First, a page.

Five of the fifteen students who were suspended from Syracuse University for up to two years after they appeared in an "extremely racist" and "offensive" video have turned around to sue the university, claiming that the videos were private and taken out of context. A free-speech advocacy group, FIRE, is supporting the Theta Tau fraternity members against the "kitchen-sink" discipline.
The two videos that were published in April show members of Syracuse University's Theta Tau engineering fraternity using racial slurs, mocking people with physical and intellectual disabilities, and simulating sex acts. Upon review, it was determined that the students' behavior was "offensive" and "they include words and behaviors that are extremely racist, anti-Semitic, homophobic, sexist, and hostile to people with disabilities." In response, the fraternity apologized: 'Anyone of color or of any marginalized group who has seen this video has every right to be angry and upset with the despicable contents of that video." The skit was allegedly part of a skit to "roast an active brother, who is a conservative Republican."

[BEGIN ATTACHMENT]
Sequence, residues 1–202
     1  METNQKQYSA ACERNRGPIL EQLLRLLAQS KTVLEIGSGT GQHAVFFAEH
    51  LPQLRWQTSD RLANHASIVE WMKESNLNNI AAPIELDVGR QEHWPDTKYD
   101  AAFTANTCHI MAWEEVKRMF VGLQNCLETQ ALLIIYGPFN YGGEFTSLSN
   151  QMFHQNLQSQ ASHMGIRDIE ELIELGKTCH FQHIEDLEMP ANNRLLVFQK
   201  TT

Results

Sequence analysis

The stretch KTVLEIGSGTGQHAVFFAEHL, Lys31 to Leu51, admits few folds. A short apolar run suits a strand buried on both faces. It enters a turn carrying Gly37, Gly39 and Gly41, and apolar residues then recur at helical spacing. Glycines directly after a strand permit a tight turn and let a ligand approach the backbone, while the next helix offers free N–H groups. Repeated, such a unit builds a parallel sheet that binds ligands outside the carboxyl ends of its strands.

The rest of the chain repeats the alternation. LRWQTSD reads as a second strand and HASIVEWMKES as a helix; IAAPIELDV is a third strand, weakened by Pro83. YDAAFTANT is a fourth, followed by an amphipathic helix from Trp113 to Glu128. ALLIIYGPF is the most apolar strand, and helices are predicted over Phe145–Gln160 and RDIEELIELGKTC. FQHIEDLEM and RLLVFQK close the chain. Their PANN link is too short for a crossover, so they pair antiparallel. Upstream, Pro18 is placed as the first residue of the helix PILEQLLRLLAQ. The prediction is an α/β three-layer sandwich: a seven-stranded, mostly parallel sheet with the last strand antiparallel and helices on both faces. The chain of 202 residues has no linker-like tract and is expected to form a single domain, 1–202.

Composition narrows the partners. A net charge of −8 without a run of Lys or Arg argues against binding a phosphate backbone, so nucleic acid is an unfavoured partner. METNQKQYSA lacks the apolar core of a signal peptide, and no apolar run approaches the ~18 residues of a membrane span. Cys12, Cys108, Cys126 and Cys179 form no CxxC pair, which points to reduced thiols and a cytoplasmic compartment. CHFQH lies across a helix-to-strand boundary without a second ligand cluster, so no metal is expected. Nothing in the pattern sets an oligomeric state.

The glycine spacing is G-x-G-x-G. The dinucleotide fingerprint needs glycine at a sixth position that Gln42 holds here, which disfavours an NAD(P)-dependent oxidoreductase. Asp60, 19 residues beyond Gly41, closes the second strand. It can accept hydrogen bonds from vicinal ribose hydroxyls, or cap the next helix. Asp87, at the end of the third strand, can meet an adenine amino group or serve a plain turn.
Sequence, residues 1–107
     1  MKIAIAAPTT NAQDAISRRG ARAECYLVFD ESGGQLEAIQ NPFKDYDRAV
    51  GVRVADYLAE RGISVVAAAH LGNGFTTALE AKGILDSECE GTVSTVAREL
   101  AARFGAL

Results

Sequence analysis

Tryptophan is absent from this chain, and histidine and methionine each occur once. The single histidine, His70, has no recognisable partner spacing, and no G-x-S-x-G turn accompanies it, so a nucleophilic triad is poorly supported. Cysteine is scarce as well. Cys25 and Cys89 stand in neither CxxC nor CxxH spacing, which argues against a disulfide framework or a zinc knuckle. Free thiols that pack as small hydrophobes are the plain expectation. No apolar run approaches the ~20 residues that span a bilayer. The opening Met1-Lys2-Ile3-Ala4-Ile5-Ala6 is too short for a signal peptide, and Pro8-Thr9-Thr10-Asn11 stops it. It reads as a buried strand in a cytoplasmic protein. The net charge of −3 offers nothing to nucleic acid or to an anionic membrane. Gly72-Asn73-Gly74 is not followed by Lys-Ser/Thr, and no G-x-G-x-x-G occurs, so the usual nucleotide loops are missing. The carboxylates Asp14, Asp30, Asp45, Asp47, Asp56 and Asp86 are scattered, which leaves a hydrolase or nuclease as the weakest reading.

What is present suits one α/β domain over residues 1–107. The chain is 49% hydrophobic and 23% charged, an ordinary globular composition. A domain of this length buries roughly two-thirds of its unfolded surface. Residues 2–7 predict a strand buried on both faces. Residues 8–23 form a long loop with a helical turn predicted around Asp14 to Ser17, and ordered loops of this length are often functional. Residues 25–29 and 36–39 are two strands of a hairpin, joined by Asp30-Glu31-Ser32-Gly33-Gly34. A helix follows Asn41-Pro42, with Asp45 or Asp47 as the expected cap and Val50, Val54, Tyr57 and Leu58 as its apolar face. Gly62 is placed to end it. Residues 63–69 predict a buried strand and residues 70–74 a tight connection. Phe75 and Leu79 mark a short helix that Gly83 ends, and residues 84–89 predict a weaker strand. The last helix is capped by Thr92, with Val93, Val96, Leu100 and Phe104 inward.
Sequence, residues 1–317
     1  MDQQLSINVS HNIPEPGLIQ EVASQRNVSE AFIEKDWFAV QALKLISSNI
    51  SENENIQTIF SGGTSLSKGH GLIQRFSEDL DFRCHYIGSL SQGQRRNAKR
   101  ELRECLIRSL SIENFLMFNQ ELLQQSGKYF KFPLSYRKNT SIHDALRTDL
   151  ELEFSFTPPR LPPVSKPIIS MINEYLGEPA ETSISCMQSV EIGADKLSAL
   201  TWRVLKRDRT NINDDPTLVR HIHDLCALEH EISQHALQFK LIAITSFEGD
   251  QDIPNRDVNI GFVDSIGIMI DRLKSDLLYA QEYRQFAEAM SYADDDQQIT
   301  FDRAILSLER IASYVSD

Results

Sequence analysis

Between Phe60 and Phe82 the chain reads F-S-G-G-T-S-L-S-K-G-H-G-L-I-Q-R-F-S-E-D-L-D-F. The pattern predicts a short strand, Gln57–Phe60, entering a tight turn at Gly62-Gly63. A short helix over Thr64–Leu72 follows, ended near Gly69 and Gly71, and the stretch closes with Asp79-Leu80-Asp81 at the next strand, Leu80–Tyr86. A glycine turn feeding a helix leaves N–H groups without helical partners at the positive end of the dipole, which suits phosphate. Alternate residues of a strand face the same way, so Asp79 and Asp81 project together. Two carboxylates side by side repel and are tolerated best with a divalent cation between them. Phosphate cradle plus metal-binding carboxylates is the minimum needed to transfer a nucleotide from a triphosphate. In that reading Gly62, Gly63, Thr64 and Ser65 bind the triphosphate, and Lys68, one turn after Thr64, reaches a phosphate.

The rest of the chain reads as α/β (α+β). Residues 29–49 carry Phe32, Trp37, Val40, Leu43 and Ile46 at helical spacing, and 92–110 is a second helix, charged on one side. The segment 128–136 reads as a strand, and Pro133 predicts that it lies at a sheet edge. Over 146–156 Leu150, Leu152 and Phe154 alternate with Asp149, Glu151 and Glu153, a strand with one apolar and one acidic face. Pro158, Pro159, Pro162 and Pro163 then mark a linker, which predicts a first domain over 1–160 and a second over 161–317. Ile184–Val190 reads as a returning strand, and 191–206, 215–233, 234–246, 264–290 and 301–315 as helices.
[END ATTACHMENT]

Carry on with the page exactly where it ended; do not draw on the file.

"The new members roasted him by playing the part of a racist conservative character. It was a satirical sketch of an uneducated, racist, homophobic, misogynist, sexist, ableist and intolerant person," according to the fraternity. "The young man playing the part of this character nor the young man being roasted do not hold any of the horrible views espoused as a part of that sketch." While they stated they were not trying to make excuses for the content, they wanted to explain the context around the video.
Since then, five members have pursued legal action against the university and are being backed by the Foundation for Individual Rights In Education (FIRE). According to the free-speech advocacy group, the decision to suspend the members for up to two years was a "flagrant violation" of Syracuse's promise of freedom of expression for students. It was "particularly egregious," for the university to ignore the context of the videos as satire in a private setting, according to Ari Cohn, one of FIRE's directors. "This was completely private expression…This was intended to be seen and heard only by people in the fraternity, none of whom were particularly upset by it...to hold the fraternity members responsible for private expression amongst themselves that happened to be learned of later by an outside party...is just unfathomable." While Syracuse is private and "private institutions are not directly bound by the First Amendment," Cohn argues that it still "betrayed the students' rights to freedom of expression." In your opinion, should the students have been punished for their video? Why or why not?